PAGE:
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- 1. Adaptive Control of Systems with Unknown Nonminimum-Phase Zeros Using Cancellation-Based Pseudo-identification The 2019 American Control Conference Syed Aseem Ul Islam, Antai Xie, and Dennis S. Bernstein Aerospace Engineering Department University of Michigan Ann Arbor, MI
- 2. Adaptive Control Using RCAC • RCAC is a direct, digital, adaptive control technique that • Applies to stabilization, command following, and disturbance rejection • Uses limited modeling information • Works on plants with nonminimum-phase (NMP) zeros when their location is known within reasonable accuracy • RCAC cancels unmodeled NMP zeros • This talk: A technique for applying RCAC to systems with completely unmodeled NMP zeros • Key idea: Take advantage of RCAC's propensity to cancel NMP zeros by learning the location of those zeros “Retrospective Cost Adaptive Control: Pole Placement, Frequency Response, and Connections with LQG Control,” IEEE Contr. Sys. Mag., Vol. 37, pp. 28--69, October 2017 2 of 19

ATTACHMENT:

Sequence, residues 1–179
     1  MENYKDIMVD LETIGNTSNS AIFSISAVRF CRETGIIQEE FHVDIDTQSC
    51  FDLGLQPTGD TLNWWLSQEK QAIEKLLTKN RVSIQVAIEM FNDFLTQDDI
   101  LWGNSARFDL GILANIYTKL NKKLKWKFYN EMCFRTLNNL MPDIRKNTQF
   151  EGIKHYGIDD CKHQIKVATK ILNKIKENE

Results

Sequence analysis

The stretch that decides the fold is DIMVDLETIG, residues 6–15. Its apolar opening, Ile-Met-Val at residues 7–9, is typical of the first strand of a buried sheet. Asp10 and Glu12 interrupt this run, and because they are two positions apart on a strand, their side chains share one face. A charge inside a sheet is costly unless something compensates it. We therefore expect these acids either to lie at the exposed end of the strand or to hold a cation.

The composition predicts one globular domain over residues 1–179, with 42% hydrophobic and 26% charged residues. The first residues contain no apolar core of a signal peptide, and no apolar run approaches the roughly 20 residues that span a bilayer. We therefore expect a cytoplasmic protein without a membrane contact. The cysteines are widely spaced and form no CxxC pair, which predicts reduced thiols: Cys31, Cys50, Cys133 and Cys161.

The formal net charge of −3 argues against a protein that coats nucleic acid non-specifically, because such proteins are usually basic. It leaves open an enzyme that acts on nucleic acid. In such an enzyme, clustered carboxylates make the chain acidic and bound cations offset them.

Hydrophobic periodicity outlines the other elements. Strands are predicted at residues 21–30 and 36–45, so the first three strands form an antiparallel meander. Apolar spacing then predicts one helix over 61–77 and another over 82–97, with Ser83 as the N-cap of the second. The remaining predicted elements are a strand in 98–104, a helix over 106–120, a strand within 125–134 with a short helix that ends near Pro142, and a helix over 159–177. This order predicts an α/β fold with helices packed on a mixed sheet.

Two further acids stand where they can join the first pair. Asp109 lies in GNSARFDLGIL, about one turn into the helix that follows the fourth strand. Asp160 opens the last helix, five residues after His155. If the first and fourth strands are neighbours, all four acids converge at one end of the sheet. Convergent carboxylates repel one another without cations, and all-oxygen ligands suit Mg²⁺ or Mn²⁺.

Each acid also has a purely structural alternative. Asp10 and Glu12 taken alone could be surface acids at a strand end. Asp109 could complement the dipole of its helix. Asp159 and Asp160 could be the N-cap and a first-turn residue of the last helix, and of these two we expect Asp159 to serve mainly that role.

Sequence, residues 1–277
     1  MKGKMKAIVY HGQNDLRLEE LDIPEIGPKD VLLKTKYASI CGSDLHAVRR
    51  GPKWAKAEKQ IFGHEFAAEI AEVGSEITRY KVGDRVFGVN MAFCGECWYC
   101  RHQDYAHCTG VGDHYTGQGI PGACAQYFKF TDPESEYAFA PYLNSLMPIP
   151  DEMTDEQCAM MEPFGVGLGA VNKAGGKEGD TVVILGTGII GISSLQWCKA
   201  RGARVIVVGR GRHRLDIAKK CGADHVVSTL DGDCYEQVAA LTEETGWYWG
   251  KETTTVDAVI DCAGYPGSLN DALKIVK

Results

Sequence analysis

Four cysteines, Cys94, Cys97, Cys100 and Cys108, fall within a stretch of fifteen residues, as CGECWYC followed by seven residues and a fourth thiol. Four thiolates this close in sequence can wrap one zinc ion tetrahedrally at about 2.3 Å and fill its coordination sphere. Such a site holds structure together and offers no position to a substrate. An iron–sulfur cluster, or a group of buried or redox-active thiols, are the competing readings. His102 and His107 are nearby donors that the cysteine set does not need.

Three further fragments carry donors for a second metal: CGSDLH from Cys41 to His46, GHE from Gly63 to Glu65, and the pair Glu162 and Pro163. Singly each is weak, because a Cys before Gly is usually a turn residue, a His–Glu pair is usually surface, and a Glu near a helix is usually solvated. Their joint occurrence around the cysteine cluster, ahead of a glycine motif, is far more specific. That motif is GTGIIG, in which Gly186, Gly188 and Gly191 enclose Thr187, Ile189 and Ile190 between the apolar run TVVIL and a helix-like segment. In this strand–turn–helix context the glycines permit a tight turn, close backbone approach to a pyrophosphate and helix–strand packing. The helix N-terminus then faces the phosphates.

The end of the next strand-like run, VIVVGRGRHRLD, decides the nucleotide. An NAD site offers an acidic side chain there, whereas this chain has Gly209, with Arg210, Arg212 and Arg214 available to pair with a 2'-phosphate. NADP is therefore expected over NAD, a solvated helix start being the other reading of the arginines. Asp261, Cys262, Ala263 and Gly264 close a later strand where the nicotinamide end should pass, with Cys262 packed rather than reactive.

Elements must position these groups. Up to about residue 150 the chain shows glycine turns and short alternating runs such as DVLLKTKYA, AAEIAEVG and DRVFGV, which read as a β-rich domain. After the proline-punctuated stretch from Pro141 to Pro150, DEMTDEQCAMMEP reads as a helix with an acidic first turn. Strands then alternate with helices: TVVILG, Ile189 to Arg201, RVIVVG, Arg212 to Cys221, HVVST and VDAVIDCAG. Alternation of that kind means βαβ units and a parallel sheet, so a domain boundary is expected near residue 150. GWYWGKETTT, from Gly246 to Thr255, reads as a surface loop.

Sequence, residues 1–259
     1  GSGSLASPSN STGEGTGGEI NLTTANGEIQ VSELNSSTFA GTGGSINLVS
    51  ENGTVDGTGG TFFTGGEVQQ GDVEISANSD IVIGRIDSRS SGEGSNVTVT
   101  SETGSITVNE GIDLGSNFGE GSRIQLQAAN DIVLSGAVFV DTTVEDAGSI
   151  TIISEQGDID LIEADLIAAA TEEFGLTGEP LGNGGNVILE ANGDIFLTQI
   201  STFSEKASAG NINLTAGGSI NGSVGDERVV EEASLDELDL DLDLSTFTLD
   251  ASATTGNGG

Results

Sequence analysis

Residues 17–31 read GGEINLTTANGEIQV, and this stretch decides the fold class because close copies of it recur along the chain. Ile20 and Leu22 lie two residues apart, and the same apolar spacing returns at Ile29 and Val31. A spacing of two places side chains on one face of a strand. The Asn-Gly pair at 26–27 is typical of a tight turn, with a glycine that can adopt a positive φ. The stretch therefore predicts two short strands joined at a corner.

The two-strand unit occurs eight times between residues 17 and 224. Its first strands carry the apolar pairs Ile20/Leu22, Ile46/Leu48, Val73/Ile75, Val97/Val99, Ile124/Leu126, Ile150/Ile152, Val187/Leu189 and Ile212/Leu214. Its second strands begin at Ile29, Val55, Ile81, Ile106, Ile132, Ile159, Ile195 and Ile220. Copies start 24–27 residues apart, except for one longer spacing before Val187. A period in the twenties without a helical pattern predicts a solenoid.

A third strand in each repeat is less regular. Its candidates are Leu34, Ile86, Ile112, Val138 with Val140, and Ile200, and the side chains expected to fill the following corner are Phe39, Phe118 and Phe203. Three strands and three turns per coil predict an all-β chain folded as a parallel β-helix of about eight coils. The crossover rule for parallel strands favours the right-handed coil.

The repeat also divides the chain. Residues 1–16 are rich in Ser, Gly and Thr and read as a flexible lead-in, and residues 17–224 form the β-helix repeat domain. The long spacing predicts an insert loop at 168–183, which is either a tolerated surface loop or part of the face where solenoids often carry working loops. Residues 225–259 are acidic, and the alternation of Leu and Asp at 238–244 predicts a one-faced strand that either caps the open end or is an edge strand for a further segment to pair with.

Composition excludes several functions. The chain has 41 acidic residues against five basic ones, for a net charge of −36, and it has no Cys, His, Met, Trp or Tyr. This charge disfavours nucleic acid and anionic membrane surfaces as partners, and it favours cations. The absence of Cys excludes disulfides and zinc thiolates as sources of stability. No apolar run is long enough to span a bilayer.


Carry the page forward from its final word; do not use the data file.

- 3. Why Cancelling a NMP Zero Is Bad • The control signal 𝑢 grows exponentially, while the output remains unaffected • This is a hidden instability • If 𝑢 is saturated, it gets “stuck” on the saturation 1 𝐪 + 1.5 𝐪 + 1.5 𝐪2 + 0.1𝐪 + 0.2 𝑢 𝑦 Controller Plant 3 of 19
- 4. Adaptive Control Using RCAC RCAC requires limited modeling information embedded in the intercalated target model 𝐺f 𝐺f needs to model the relative degree, NMP zeros (if any), and sign of the leading numerator coefficient of 𝐺𝑧𝑢 Controller order ℓc, adaptation weight 𝑃0 must also be specified The controller coefficients are initialized to be zero at the start of all numerical examples Ensures no additional modeling information is used Linear Time-Varying Controller 4 of 19